improved our understanding and consideration of communication difficulties after stroke
led to new speech and language therapies for patients with communication difficulties
developed a web-based tool to improve reading in stroke survivors with loss of vision in one eye (Read-Right)
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Research Capacity Building
3 Clinical Research Fellowships:

Between 1991 and 2011, we awarded more than £12million to build stroke research capacity
Awarded 30 Clinical Fellowships to talented doctors to become stroke specialists, many of whom are now leading stroke units and services
around the country or are actively involved in clinical stroke research.
Awarded 46 Junior Research Fellowships/Bursaries to allied health professionals to study for a PhD and embark on a career in stroke research.
Awarded 5 Senior Research Fellowships to allied health professional to built up their own stroke research group.
Awarded 3 Clinical Research Fellowships in collaboration with the Medical Research Council to allow doctors to pursue a career in stroke research and develop a research group.
New for 2012: Princess Margaret Research Development Fellowships
Flexible award for supervisors to build research capacity.
“When I started, in 1992, stroke was an area of research that the Medical Research Council would barely entertain. In the early 1990s only three people [in the UK] were interested in stroke; about seven years later nearly 100 people were training to be stroke physicians and now 20 years later we have the NIHR Stroke Research Network and all the major research funders investing in stroke.”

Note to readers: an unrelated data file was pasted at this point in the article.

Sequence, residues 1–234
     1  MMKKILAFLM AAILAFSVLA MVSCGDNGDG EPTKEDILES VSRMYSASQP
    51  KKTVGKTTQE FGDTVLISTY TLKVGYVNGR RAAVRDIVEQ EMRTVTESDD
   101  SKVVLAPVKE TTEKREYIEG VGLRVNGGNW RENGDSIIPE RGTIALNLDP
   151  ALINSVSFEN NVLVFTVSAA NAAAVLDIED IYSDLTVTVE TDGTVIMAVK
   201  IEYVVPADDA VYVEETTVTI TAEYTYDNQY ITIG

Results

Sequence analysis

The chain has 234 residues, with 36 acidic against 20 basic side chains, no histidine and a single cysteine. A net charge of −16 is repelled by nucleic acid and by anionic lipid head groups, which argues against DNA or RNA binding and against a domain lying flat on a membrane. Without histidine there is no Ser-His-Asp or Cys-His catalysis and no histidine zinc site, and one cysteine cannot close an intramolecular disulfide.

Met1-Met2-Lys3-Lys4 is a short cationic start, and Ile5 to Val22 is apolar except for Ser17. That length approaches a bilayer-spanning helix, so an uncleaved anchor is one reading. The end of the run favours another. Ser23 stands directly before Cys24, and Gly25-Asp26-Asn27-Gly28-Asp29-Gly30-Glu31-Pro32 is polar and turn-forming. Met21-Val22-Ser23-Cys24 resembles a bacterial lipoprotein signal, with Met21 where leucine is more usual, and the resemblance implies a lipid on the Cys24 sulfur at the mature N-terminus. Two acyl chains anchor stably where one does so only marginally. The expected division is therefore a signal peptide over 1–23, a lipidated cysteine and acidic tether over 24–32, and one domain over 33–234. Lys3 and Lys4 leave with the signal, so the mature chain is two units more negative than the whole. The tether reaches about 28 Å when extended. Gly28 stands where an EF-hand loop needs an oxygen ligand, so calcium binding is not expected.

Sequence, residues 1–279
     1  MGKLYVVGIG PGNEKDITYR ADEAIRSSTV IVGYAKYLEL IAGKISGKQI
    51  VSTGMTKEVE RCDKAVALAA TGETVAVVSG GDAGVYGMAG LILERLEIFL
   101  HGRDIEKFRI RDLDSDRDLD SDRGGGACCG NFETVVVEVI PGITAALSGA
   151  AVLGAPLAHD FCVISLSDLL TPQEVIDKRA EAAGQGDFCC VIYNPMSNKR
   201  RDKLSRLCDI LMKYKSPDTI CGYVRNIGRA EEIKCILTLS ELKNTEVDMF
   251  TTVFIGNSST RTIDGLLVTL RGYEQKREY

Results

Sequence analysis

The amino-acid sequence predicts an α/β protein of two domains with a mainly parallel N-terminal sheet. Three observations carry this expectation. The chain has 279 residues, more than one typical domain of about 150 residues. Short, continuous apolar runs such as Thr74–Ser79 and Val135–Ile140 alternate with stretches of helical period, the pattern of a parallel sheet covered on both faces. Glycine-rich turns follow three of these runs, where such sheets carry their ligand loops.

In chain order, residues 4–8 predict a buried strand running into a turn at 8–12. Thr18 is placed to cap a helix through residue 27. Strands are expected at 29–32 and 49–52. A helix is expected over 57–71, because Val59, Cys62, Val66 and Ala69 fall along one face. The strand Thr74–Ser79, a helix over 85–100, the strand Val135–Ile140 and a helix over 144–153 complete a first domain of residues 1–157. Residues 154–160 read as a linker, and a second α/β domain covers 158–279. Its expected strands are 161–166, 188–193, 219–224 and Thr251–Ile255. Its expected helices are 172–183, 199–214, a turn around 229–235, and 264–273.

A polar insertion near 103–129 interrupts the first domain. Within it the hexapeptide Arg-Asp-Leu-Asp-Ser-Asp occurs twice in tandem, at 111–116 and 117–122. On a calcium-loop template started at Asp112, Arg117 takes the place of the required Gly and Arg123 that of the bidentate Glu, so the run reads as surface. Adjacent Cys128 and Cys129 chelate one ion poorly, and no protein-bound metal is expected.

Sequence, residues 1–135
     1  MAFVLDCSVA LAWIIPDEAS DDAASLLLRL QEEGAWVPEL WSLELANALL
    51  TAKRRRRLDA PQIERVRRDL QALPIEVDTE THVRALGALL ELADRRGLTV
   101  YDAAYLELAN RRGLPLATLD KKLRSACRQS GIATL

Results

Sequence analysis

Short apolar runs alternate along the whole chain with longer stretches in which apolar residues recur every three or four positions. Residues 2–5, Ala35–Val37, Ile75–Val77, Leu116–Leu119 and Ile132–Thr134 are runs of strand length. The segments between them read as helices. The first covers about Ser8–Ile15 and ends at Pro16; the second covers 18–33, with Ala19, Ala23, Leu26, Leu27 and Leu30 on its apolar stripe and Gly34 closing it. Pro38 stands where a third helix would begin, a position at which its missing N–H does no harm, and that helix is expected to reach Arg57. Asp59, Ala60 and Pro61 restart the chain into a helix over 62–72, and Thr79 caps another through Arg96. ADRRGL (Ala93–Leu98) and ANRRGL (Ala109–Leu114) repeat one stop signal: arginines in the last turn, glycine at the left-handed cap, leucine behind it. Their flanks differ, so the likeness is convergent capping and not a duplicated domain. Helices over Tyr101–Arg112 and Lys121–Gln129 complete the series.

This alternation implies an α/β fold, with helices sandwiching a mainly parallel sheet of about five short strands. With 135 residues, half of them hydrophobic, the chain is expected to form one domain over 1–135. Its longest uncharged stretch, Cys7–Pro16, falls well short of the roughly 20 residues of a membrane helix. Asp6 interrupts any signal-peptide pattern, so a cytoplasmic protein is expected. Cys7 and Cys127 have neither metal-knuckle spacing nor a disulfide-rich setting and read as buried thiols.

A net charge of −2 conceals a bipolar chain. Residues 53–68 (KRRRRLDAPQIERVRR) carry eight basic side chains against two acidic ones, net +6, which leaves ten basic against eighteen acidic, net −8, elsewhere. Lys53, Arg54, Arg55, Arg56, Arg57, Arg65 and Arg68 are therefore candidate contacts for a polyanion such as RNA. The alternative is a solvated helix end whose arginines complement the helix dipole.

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Contracted Services Update
Plans to rapidly grow services by 2015 have had to be re-thought
No growth next year, then gradual return to growth the year after and continuing slowly
Unless a new service type were to “take off” again
Stroke Helpline 0303 3033 100 stroke.org.uk
Context
NHS in England to save £20bn
Cuts to LA funding of 28%
So far, we have suffered the loss of some services, and valued colleagues, and had some with reduced funding…
…But we have made gains too
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Looking forward
Recent count, 5 out of every 6 services have contracts with end dates of next March or earlier…
…But we expect the vast majority to be renewed
Immediate future
Recent count, 5 out of every 6 services have contracts with end dates of next March or earlier
But we expect the vast majority to be renewed